Cheating Case, Marriage, False Marriage Promise, Supreme Court: Marriage Proposal “Not Reaching Desired End” Not Cheating: Supreme Court

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Marriage Proposal 'Not Reaching Desired End' Not Cheating: Supreme Court

Woman said her father had booked a marriage hall (Representational)

New Delhi:

The Supreme Court recently dismissed a cheating case against a man who did not go through with a wedding after talks with the woman’s family.

“There can be multiple reasons for initiating a marriage proposal and then the proposal not reaching the desired end,” Justices Sudhanshu Dhulia and Prasanna B Varale said while cancelling a case against Raju Krishna Shedbalkar.

Raju Krishna Shedbalkar had approached the Supreme Court against a 2021 Karnataka High Court order that held him guilty of cheating under Section 417, which entails a jail term of up to one year or fine, or both.

“Time and again, this court has reiterated that in order to make out an offence under cheating the intention to cheat or deceive should be right from the beginning. By no stretch of imagination, this is even reflected from the complaint made by the informant,” the Supreme Court said.

A case was registered against Raju Krishna Shedbalkar, his brothers, sister and mother based on a complaint filed by a woman who alleged that he had cheated her by not marrying her.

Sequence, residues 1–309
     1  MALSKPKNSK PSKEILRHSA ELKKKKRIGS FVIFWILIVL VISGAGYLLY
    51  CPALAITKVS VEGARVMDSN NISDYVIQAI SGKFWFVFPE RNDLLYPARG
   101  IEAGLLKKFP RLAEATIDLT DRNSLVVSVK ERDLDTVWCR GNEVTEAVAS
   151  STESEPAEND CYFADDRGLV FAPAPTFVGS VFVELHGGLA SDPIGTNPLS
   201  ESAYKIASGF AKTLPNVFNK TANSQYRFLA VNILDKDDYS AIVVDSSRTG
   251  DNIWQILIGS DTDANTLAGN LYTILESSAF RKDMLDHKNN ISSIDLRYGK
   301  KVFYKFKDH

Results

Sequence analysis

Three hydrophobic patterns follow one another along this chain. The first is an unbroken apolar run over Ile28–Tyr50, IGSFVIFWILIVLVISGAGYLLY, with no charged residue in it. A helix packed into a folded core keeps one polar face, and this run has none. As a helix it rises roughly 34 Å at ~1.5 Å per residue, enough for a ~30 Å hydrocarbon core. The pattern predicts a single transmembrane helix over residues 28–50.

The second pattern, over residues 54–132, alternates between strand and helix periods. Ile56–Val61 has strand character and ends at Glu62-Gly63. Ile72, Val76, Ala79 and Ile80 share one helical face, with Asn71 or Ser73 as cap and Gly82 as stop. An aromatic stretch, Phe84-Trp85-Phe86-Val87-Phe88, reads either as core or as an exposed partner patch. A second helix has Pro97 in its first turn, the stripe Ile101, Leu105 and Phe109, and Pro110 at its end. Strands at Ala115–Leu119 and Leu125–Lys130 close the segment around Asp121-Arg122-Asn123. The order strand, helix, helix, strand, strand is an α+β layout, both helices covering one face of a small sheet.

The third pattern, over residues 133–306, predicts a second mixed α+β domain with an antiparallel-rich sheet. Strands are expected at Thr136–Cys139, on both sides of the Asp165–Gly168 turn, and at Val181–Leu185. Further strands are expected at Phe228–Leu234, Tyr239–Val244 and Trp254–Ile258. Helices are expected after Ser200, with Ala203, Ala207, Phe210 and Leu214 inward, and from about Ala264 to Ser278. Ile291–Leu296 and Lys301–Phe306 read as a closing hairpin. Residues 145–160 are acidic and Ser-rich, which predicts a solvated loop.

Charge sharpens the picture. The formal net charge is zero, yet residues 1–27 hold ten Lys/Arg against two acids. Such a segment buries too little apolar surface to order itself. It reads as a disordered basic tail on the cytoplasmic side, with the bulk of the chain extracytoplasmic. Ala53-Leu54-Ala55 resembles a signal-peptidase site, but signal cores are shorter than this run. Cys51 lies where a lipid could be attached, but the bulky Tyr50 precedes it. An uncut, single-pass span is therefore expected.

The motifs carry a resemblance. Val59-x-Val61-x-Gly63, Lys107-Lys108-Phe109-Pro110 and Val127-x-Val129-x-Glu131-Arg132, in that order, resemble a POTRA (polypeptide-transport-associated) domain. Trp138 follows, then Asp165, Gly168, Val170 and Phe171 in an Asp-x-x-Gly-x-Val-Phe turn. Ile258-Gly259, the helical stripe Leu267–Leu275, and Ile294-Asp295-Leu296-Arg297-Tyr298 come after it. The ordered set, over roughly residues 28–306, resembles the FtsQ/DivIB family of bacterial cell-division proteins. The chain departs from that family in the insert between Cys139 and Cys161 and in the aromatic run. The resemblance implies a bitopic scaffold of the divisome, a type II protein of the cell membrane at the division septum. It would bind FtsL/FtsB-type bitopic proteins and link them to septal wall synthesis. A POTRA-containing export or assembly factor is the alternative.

The woman alleged that her family had found Mr Shedbalkar suitable for her, and both had started talking to each other.

She said her father had also paid Rs 75,000 to book a wedding venue, but she learnt that Mr Shedbalkar had married someone else.

The Karnataka High Court had dismissed the case against all the accused, except Mr Shedbalkar. The High Court noted since he had “induced the woman’s father to book a marriage hall, there is prima facie material which makes out a case”.

Overturning that decision, the Supreme Court said there was no evidence to prove that the man had any intention to cheat the woman. “It is possible theoretically yet in order to prove an offence of cheating in such cases prosecution must have reliable and trustworthy evidence in order to first prosecute such a case. There is no such evidence before the prosecution and therefore no offence under Section 417 is also made out,” the judges said.

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